### The incidence of overweight in a selected population

John Cocker, MB BS et al*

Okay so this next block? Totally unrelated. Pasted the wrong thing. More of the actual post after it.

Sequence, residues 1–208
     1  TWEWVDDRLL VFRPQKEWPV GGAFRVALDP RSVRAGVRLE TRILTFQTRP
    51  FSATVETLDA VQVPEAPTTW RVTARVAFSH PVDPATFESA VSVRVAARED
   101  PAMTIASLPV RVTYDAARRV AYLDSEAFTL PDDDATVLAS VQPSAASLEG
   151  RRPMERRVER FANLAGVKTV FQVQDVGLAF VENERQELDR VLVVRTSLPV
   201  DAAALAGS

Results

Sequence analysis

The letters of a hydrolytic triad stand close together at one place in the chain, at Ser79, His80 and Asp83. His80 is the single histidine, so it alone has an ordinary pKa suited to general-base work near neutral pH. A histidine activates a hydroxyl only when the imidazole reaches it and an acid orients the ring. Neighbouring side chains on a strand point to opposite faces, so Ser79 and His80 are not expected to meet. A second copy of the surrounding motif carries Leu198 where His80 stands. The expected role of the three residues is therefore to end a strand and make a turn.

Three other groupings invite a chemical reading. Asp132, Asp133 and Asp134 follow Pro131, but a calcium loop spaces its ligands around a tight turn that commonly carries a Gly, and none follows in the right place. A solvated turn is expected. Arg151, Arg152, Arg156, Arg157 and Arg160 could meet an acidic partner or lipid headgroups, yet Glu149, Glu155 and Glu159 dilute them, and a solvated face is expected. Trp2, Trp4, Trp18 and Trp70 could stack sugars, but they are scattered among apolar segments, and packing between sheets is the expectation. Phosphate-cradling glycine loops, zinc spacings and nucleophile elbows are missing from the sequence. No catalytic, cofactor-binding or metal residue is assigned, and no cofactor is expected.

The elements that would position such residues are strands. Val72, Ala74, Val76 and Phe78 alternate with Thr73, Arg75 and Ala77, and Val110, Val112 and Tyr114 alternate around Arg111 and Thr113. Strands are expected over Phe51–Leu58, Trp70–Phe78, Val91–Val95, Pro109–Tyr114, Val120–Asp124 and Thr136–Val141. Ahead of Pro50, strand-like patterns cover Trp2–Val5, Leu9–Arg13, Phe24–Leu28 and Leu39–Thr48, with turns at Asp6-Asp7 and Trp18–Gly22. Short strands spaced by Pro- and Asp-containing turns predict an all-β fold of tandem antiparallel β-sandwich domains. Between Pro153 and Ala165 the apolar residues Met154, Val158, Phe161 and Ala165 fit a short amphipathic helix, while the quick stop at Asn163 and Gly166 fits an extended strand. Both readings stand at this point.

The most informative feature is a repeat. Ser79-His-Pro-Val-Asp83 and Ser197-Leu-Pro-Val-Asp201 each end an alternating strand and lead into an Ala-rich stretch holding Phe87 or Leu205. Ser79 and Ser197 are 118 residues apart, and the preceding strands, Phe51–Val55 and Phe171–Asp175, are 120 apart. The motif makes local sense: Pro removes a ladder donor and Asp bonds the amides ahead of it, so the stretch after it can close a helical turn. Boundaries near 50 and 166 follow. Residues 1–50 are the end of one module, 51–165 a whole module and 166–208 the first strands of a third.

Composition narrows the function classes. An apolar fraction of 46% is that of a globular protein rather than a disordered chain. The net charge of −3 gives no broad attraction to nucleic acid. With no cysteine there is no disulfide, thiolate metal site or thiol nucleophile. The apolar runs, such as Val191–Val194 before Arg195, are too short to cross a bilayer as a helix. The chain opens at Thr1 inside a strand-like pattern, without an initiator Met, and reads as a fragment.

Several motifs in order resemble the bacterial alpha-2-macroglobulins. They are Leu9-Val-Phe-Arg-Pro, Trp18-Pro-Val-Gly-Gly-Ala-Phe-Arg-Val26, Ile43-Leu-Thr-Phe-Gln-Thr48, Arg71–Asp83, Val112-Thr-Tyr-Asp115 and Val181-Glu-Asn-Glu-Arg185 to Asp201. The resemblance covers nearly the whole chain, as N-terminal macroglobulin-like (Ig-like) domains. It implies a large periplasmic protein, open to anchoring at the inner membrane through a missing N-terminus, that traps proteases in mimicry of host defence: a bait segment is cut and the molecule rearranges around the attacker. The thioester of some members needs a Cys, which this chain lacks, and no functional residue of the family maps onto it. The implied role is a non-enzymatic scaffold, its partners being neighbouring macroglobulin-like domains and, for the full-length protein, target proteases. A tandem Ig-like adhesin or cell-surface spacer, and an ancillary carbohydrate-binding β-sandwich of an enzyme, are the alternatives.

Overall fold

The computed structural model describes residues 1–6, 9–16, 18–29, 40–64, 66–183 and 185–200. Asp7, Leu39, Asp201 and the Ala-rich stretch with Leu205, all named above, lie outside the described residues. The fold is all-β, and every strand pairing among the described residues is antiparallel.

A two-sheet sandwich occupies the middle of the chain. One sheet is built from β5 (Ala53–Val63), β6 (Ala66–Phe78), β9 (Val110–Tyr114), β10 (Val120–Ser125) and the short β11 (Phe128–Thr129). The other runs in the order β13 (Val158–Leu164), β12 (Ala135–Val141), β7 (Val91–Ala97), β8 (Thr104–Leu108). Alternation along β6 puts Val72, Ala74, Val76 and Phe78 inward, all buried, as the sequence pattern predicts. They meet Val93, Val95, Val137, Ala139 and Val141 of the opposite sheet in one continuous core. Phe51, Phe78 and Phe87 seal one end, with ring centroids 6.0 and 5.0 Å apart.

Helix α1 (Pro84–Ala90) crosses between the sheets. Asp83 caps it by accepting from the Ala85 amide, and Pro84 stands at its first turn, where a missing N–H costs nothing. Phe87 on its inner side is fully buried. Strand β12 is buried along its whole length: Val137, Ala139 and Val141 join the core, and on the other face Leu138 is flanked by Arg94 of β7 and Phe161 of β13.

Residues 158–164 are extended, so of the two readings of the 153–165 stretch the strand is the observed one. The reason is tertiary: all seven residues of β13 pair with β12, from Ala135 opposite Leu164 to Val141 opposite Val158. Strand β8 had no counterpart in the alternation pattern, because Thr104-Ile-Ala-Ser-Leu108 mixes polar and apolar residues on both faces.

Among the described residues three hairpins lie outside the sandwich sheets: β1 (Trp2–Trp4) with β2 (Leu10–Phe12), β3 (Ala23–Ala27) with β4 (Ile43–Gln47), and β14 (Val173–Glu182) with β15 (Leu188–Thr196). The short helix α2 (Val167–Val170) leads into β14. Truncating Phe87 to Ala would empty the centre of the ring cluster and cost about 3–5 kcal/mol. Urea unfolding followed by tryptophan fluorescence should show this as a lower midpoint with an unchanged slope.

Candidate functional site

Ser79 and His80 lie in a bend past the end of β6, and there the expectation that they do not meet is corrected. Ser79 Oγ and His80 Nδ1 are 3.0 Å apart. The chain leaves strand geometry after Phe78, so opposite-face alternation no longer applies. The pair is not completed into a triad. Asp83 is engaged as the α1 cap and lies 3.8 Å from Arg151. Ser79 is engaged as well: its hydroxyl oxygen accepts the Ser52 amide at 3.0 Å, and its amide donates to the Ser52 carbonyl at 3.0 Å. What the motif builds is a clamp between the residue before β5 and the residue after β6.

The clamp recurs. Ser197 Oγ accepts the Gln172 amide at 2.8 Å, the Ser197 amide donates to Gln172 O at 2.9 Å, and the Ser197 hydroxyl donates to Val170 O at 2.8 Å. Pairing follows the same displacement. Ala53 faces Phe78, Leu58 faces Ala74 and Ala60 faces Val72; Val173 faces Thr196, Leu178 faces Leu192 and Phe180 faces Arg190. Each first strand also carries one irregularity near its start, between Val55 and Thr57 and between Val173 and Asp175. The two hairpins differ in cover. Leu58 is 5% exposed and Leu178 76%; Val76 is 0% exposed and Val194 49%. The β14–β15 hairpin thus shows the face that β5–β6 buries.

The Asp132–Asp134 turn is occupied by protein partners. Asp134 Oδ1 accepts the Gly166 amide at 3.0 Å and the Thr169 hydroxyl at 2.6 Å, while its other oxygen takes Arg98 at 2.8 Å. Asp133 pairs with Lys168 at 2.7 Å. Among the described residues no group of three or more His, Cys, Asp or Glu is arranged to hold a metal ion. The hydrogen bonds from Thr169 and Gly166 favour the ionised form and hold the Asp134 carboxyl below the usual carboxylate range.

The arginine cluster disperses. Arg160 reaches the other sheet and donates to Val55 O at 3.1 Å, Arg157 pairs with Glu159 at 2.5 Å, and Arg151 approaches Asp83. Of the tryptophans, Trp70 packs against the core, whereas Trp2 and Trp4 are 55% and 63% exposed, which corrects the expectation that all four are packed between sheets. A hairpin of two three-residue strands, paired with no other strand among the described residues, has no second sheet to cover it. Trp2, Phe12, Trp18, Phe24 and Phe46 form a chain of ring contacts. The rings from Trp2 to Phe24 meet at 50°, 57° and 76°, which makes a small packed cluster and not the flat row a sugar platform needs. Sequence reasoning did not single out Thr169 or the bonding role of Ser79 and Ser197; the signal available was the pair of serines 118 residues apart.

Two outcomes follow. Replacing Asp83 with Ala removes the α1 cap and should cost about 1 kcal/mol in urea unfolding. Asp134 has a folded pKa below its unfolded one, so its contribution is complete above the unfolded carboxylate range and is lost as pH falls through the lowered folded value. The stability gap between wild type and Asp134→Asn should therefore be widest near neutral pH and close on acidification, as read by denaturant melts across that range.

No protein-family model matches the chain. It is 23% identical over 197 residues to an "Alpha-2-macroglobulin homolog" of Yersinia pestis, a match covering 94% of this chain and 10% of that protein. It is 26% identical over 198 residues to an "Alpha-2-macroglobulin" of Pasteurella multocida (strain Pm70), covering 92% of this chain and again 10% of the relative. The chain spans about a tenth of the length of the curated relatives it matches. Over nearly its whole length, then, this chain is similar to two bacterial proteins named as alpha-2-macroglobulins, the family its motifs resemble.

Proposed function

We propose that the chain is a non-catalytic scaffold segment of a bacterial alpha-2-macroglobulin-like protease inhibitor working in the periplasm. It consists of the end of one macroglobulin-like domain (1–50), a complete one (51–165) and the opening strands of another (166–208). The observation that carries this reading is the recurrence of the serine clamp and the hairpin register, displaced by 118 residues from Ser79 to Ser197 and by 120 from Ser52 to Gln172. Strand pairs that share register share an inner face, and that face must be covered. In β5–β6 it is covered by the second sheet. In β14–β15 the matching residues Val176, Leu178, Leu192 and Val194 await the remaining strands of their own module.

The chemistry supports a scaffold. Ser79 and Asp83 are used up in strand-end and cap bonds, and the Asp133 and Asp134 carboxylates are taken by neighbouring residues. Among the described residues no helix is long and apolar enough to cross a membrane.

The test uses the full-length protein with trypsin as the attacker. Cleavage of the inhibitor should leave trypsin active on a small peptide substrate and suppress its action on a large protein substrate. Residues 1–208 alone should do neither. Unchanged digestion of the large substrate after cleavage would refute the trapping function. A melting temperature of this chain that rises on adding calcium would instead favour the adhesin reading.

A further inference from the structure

**Abstract****Objective:**To calculate the average weight of a specific population using the most recent census figures, and thereby establish the percentage who are overweight.**Methodology:**Using every one of the existing census returns, the raw weight figures were calculated on a Time Magazine hand-held calculator; this operation was performed three times with different results each time, so an average was taken. This was divided by the total number of people in the population, giving an average weight per person. Next, the number of people over that weight was counted, and the number of people under that weight was calculated. This number turned out by great coincidence to be the same. One person was the exact weight, and it could not be decided where this person fitted.**Results:**The average weight was found to be 145.78233611422 pounds. Further calculations showed that 49.999999999% were over this weight, while 49.999999999% were under. A total of 0.000000001% were the average weight.**Validation:**These figures were then subjected to the Stitches-Haigh Morton validation procedure (p whatever) by the LUGTRUW (Let Us Get The Results U Want) Institute of Advanced Statistics.**Disclosure:**The researcher is overweight, but has so far failed to get any interested party to pay for the research.**Mortality:**From previous studies, it would seem the death rate of both groups is identical, at, eventually, 100%.**Summary:**Approximately 50% of the target group are overweight, while about 50% are underweight. By using rigid diets, the underweight group could become overweight, while the overweight group could become underweight. This would promote the sale of diet books. The one person who was the exact average weight is considered a statistical anomaly, and therefore not significant.**I happen to know that Al did most of the work - Ed.*
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